27 Months



Can Americans walk a mile in another person’s shoes? The Peace Corps is a crash course for doing just that. Adventure and idealism may drive Peace Corps volunteers to serve two years in remote communities, but is this enough to overcome the dissonance between Americans and the developing world? Three Americans challenge themselves and their neighbors to bridge cultural chasms and find common ground during 27 months of getting lost, getting sick, struggling with friendship, romance, humor and the nagging worry that all their efforts will amount to nothing.

Directed by Ashley Tindall and shot by Tindall and Clare Major (RPCV Senegal), the film is currently slated for release mid-2014.

We at Film Archer are proud that “27 Months” is now a project of the Southern Documentary Fund. You can make a tax-deductible donation to help us finish the film in Spring 2014 by clicking on http://southerndocumentaryfund.org/projects/27-months/


ANDY BRAKE is a native of Virginia, an Air Force brat and an English literature graduate of the University of North Carolina, where he was a Varsity swimmer and Olympic time-trial qualifier. He got his first taste of international service with Coach for College. He currently serves in Vaye Town, Gparbolu County, Liberia where he is teaching English, running a chess club and learning about how slow things move in West Africa.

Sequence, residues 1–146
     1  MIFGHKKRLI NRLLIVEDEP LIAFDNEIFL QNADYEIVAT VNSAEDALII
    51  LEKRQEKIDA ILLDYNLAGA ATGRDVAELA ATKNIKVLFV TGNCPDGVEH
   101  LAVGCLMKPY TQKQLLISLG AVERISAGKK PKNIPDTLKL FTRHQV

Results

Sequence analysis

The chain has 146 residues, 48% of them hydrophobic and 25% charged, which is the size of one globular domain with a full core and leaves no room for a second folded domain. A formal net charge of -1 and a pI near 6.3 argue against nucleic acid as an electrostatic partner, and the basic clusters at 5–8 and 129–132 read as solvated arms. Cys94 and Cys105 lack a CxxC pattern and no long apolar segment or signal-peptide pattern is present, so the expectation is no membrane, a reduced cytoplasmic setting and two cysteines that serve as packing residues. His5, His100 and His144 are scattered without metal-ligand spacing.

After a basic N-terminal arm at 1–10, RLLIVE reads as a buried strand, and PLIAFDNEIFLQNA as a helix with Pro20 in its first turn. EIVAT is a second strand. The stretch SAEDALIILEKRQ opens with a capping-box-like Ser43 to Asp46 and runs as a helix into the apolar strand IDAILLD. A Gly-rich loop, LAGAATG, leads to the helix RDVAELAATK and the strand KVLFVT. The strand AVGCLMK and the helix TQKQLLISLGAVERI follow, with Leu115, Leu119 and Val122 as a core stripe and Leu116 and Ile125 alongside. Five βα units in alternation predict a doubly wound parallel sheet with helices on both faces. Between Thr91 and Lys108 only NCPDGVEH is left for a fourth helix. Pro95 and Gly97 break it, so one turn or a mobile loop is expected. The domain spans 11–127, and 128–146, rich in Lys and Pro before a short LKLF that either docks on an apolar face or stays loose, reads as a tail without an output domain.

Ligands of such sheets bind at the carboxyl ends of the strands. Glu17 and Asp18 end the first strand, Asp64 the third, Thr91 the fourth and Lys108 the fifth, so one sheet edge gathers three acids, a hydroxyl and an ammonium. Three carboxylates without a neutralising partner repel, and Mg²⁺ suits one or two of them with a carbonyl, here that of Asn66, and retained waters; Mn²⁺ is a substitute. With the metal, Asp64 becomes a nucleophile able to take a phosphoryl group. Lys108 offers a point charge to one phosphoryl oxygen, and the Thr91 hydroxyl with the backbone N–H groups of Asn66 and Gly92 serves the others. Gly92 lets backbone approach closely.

A native of Hilo, Hawaii, MARCY MORITA grew up hearing her parents talk about their experiences hosting some of the very first Peace Corps volunteers in the early 1960s when they were trained on the Big Island! She was an undergraduate at the University of California-Irvine and then a graduate student in accounting at the University of Southern California. Before moving to Azerbaijan, she worked for over a decade for Toyota and was an avid beach volleyball player in Hermosa Beach and a volunteer with Habitat for Humanity in Indonesia. She works at AccessBank, a new bank focused on microfinance in the city of Sumgayit, where she is actively developing their Corporate Social Responsibility programs, conducting conversation clubs, and developing a girls leadership camp.

CATHERINE CLARKE teaches on Marinduque Island in the Philippines, where she has started a remedial English program to help her students meet the high testing standards of the Philippines. A native of Chapel Hill, she is a graduate of the University of North Carolina in International Studies and formerly an ESL teacher with the Hmong community. She also got a taste of international service by teaching for a summer in Ghana. In the Philippines, where performing on stage while singing “Moves Like Jagger” seems to be nearly every high schooler’s talent, Catherine maintains that reading is her talent and devours books from the Peace Corps library whenever she gets her hands on them.